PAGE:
Yesterday's Antiphons

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Yesterday, in the traditional calendar, was the Commemoration of Saint Paul, a way of giving the Doctor of the Gentiles equal honour with Saint Peter, the Prince of the Apostles. Whereas the antiphons of June 29th focused on Saint Peter, yesterday's antiphons focused on Saint Paul. I had great joy in singing them at Lauds. They give one an unshakeable hope in the all-sufficient grace of Christ.

Ant. I have planted, * Apollos watered, but God gave the increase, alleluia.

God gave Paul the seed that he planted: the living seed of the Word. "So shall my word be, which shall go forth from my mouth: it shall not return to me void, but it shall do whatsoever I please, and shall prosper in the things for which I sent it." (Is 55:11). God gave Apollos the water by which he watered that seed. "You shall draw waters with joy out of the saviour's fountains" (Is 12:3). Finally, God gave the increase. So it is in all our undertakings. God works for us, in us, through us, and by us, as He works in all things turning them to the good of those who love Him. "We know that to them that love God, all things work together unto good, to such as, according to his purpose, are called to be saints" (Rom 8:28).

Ant. Most gladly therefore will I rather glory * in mine infirmities, that the power of Christ may rest upon me.

To glory in one's infirmities is to open them wide to the grace of Christ. Our Lord deploys His virtus -- HIs divine power -- in the arena of one's infirmities. Infirmities of body, mind, or spirit, are no obstacle to holiness, provided that one surrenders them to Christ. He enters them like a warrior to claim them for Himself. There is no infirmity -- no weakness, brokenness, or personal history -- in which the power of Christ cannot be unleashed to the greater joy of the Church and the greater glory of the Father.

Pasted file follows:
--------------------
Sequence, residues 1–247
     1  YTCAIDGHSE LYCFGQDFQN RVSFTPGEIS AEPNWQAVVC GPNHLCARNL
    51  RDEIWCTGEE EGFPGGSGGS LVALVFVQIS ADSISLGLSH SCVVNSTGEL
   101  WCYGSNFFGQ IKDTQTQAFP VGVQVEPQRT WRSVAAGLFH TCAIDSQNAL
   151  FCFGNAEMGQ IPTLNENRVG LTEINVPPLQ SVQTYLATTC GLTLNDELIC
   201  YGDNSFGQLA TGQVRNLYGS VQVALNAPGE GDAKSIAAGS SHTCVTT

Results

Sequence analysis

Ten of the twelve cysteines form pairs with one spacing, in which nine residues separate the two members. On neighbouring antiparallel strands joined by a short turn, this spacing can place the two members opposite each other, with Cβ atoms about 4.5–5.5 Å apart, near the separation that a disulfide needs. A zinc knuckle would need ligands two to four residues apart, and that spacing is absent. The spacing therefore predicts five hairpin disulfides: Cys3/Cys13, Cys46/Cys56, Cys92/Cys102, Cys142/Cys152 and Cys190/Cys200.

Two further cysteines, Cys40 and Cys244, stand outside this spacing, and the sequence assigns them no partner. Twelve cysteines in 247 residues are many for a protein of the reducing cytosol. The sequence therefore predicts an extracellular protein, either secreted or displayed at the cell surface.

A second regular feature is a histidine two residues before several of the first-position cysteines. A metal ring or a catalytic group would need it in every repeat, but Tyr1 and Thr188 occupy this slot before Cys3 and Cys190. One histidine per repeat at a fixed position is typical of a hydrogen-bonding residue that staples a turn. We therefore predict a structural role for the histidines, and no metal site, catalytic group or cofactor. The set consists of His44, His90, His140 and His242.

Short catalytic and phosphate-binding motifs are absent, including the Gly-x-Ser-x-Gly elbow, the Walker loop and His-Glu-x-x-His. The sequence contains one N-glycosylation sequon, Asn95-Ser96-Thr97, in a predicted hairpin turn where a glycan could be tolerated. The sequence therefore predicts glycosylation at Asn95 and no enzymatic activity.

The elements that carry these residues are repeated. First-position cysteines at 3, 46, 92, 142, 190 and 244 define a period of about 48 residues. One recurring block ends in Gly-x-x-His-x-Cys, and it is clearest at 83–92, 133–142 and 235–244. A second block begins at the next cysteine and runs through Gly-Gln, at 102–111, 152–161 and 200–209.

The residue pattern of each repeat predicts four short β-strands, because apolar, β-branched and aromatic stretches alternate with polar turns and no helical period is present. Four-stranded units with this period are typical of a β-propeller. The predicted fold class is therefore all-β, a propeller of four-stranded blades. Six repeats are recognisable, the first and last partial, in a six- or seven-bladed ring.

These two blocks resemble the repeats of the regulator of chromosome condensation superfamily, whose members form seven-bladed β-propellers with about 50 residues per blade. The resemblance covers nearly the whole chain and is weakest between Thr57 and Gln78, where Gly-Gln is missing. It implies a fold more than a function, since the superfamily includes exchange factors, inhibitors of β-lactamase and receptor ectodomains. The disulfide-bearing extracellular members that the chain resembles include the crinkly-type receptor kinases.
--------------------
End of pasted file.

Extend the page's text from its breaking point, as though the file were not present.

Ant. The grace of God * which was bestowed upon me was not in vain, but his grace abideth ever in me.

The grace of God is the source of all fecundity. Where the grace of God is welcomed there remains nothing sterile, nothing cold, nothing lifeless. "I am come," says the Lord, "that they may have life, and may have it more abundantly" (Jn 10:10). In Christ, Saint Paul was fully alive, and this to the point of spiritual generativity. He call the Galatians, "my little children, of whom I am in labour again, until Christ be formed in you" (Gal 4:14). To the Corinthians he writes: "In Christ Jesus, by the gospel, I have begotten you" (1 Cor 4:15).

Ant. In Damascus * the governor under Aretas the king was desirous to apprehend me ; by the brethren in a basket was I let down by the wall, and so escaped I his hands, in the Name of the Lord.

The fourth antiphon makes it clear that no one, not even the great Apostle of the Nations, can dispense with the help of the brethren. It was "the brethren" who planned and carried out Paul's escape from Damascus. The humble man will accept the care of the brethren. He will trust them to the point of allowing himself to be lowered over a wall in a basket! He who would minister alone, refusing the ministrations of others, remains a prisoner.

Ant. Thrice was I beated with rods, once was stoned, thrice I suffered shipwreck, for the Name of Christ

Suffering is inherent to the Christian life. While some are called to endure great sufferings in the public eye, most of us are called to bear with little sufferings in the hiddenness of what Saint Thérèse called "the little way." Mingled into the Passion and Death of Christ as the drop of water is mingled into the wine of the chalice, the sufferings of ordinary folk, especially those sufferings that are hidden from the eyes of the world, become a participation in the Sacrifice of the Cross.

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About Dom Mark

Dom Mark Daniel Kirby is Conventual Prior of Silverstream Priory in Stamullen, County Meath, Ireland. The ecclesial mandate of his Benedictine community is the adoration of the Most Holy Sacrament of the Altar in a spirit of reparation, and in intercession for the sanctification of priests.

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